"Yakoob Khan's friend, 34 year-old Shiv Kumar, alias Abdul Hamid, is a Hindu convert to Islam. He eked out as livelihood selling old newspapers and utensils for recycling. He was accused of being involved in the Coimbatore blasts, a charge that he denies. The police forced him to sign a blank piece of paper which they later filled out themselves, threatening him that if he refused to do so they would arrest his family as well. He was remanded to the Coimbatore jail on the basis of this forced 'confession' and his repeated applications for bails were rejected. Because he was the sole earner in his family, his wife was forced to beg in order to survive. He was finally acquitted only recently, after almost ten years in incarceration. 'I was mercilessly tortured in prison. I was constantly told that if I had not become a Muslim and had remained a Hindu I would not have been beaten like this', he says."

The Mercury News quotes Mani Manivannan, former president of the Bay Area Tamil Manram, an association of 500 members who hail from Tamil Nadu as saying, "Tamil Nadu used to be one of the most secular states in the Indian union. They went out of their way to make sure people were treated the same. Muslims used to feel like full citizens."

Unfortunately, Manivannan added, the growing rift between Hindus and Muslims in India, has now spilled outside the country.

"That disease has spread to the U.S. as well," said Manivannan, a Hindu who had not heard about the case until called by the Mercury News. "Not a lot. But enough people get influenced by the news in India."

Still, Manivannan said there are plenty of Hindus and Muslims who get along. He pointed how everyone he knows, no matter their background, is extremely proud of AR Rahman, a Muslim from Tamil Nadu who made history by becoming the first Indian to win two Oscars for his music in the movie, "Slumdog Millionaire".

Related Links:

Slumdog Millionaire

India's Guantanamos and Abu Ghraibs

Muslims--India's New Untouchables


Anonymous said...

Haq - You should have stayed away from publicizing this isolated incidence. Trust me, South Indians are by far very tolerant and get well along with Muslims. Yes, there might be an increase in this type of incidents and you are only going to make it worst by giving it more press. It surely hurts but being a Muslim is a more accurate coordinate than a 6-coordinates accuracy needed for misguided UN-smart bombs.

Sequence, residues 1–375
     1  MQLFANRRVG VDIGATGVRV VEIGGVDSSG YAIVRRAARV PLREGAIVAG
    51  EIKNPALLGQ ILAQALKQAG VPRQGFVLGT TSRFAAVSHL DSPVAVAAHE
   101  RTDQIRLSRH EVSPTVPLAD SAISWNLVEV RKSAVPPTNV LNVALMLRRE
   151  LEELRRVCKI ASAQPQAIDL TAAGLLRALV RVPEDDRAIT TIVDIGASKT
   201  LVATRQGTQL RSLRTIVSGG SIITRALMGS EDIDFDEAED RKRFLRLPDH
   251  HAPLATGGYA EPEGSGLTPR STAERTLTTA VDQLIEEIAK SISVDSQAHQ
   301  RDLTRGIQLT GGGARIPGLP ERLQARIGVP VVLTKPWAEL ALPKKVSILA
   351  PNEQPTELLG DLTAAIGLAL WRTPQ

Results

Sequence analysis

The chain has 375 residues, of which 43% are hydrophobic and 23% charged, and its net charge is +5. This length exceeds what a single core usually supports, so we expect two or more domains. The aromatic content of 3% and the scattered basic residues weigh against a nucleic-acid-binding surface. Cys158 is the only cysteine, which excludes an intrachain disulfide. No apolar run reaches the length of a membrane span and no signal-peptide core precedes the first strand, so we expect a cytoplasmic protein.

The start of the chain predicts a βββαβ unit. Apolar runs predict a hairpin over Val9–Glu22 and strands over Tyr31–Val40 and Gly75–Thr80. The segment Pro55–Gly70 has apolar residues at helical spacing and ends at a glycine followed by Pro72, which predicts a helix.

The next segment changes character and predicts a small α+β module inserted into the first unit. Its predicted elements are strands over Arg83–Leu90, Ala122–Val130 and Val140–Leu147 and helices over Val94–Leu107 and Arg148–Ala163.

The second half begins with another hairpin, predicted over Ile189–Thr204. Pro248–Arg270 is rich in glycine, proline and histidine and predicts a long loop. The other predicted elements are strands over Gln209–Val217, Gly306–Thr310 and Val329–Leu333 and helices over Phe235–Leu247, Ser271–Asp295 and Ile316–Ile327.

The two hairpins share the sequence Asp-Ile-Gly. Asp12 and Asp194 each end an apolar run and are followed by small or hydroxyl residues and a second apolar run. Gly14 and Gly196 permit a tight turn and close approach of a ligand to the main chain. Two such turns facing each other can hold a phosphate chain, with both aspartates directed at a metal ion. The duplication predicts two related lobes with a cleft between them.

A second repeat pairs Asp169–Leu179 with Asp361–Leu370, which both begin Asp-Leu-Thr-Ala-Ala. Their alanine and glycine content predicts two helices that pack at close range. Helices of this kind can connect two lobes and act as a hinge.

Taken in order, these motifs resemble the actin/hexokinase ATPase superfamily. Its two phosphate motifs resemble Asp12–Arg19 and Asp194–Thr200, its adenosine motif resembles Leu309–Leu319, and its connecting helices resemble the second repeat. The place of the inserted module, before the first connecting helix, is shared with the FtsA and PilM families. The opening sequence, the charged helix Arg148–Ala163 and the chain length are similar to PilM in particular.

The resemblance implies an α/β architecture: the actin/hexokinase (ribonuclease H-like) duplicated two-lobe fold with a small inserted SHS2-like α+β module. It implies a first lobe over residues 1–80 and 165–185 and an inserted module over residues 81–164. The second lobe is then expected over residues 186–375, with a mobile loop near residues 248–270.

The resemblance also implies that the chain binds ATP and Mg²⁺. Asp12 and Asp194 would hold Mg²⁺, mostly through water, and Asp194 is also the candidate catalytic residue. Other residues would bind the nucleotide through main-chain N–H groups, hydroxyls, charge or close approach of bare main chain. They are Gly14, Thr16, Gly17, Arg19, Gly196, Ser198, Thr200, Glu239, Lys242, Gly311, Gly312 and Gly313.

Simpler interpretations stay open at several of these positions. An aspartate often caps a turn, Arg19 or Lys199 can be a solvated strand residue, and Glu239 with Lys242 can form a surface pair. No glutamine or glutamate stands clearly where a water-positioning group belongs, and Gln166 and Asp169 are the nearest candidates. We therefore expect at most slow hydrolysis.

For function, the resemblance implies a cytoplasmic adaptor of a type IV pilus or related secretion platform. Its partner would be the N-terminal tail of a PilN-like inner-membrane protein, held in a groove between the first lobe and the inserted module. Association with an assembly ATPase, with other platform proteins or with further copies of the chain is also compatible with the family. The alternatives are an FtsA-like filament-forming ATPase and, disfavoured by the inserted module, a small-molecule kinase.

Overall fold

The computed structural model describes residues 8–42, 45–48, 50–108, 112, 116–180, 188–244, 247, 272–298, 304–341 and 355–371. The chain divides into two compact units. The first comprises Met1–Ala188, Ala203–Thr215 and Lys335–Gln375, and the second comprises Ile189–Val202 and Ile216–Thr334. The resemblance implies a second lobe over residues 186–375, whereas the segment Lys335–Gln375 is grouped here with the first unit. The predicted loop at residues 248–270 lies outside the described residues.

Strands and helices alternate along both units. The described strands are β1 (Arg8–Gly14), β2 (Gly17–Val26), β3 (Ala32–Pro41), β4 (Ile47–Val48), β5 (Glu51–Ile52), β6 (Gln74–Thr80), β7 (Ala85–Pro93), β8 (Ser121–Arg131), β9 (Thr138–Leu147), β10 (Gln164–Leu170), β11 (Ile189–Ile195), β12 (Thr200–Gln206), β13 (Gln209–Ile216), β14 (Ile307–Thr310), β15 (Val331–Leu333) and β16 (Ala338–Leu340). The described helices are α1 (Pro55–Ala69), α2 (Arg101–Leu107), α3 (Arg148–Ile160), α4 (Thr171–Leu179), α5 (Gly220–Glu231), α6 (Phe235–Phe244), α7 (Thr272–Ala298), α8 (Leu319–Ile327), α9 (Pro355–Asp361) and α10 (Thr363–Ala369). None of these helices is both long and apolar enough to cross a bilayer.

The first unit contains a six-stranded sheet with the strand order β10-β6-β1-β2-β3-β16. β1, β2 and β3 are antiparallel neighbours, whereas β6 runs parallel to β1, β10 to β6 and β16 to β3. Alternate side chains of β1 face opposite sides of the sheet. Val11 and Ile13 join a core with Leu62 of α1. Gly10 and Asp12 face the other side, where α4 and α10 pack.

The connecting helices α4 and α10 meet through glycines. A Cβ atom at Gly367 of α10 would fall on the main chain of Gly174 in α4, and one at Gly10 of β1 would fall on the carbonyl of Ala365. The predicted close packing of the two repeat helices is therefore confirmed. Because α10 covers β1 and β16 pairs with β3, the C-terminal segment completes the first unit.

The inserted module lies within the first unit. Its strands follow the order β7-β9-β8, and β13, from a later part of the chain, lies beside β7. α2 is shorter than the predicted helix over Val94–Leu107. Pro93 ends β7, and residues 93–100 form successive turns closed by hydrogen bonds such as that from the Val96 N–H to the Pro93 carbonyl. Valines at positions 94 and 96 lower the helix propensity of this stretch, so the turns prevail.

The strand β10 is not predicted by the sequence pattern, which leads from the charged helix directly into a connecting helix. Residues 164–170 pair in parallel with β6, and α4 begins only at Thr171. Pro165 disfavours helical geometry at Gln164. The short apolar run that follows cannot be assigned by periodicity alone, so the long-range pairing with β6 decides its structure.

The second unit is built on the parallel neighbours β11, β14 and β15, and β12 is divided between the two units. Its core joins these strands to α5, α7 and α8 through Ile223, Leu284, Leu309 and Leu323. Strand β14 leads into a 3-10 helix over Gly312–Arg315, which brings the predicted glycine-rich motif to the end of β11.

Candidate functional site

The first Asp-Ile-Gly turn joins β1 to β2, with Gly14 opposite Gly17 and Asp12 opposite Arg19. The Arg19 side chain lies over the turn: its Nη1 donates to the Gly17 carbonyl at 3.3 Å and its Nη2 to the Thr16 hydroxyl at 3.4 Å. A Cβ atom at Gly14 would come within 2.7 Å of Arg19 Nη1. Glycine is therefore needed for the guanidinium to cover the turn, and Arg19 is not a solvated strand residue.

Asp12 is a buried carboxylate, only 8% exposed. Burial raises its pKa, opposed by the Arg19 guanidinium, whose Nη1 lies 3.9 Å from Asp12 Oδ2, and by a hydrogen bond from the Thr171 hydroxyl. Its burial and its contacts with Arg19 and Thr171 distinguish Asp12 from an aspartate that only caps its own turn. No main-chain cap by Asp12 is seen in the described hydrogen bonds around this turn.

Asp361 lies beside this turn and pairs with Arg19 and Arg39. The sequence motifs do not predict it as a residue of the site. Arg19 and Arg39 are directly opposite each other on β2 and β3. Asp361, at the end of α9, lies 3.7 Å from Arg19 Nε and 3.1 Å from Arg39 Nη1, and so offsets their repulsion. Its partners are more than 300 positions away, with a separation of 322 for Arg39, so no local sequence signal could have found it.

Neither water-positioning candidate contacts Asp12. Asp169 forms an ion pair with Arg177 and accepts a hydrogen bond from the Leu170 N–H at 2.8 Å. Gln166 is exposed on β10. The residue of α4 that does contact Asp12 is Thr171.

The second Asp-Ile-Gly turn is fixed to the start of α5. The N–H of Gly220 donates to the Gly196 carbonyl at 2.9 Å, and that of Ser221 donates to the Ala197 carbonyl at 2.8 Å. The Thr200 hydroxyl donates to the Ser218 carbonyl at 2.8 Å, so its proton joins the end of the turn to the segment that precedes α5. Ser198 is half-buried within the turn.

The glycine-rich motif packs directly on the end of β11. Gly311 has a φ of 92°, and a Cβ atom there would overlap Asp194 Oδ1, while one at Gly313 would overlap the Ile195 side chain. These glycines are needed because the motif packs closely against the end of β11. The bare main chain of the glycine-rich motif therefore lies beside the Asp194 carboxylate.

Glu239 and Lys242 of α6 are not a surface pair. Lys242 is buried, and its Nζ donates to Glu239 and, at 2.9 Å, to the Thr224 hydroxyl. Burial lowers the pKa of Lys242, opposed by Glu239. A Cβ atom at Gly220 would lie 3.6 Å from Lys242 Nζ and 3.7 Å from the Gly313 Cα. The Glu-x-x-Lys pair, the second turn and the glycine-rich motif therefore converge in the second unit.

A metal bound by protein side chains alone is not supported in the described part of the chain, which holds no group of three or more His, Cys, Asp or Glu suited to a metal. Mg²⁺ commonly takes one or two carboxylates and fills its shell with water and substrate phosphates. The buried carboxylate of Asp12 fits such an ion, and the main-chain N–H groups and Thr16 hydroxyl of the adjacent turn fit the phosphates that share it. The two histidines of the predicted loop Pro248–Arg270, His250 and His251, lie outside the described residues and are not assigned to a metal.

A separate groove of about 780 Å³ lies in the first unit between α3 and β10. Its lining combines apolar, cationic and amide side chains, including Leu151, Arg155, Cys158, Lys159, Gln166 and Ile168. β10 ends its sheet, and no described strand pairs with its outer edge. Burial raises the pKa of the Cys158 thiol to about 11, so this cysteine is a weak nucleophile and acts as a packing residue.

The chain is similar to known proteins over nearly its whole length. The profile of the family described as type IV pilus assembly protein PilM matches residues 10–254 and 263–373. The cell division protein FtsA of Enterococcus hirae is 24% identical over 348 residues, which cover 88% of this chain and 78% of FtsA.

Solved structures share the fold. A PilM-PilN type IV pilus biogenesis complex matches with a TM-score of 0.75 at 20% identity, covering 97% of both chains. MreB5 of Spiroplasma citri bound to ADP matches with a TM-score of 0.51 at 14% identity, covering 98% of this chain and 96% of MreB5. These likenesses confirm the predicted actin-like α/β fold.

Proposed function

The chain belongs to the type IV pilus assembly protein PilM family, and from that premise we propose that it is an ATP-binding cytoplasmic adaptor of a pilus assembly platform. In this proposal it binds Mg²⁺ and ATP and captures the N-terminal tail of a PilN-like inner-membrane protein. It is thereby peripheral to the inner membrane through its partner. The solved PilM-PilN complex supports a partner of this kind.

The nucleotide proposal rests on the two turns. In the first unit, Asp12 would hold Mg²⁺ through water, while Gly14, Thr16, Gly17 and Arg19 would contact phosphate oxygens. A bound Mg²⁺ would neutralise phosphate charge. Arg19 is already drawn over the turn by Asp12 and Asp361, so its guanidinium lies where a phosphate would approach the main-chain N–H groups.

Anonymous said...

What the hell were bigoted Muslims doing in a vegetarian restaurant ..ha ha.Yes, in India, there are customs like breaking the coconut,chanting mantras,lighting lamps and pooja when doing something auspicious..etc.That goes for launching new submarines/warships,launch of TATA Nano(tatas are parsis..not hindus) and ALL bollywood film releases irrespective of individual religions. I can imagine the credibility of affidavit of jihadis..

Anonymous said...

Indians must come to grip with their own Hindu-talibans and other fascist Hindu organizations that are spreader of hate and prejudice. These incidents are not an isolated few here and there but have been on the increase. And while most Hindus like most Muslims and believers of other faiths do not practice extremism – the trend among many Tamil Hindu-extremists needs a closer scrutiny, not just the receding terrorists Tamil Tigers, but also their sources among the Tamil diaspora around the world. Or is it just an open season to publicize Muslim-extremists and not the extremists of other faith?

Riaz Haq said...

Here's a BBC report on Gujarat minister resignation 7 years after the riots that killed several thousand people, mostly Muslim:

A minister in India's Gujarat state, Mayaben Kodnani, accused over the anti-Muslim riots of 2002, has surrendered to police and resigned her posts.

Ms Kodnani is alleged to have led a mob of rioters in Ahmedabad's Naroda Patiya area. She denies the charge.

Nearly 60 Muslims were killed in this Muslim-dominated area with more than half of the 1,300 houses destroyed.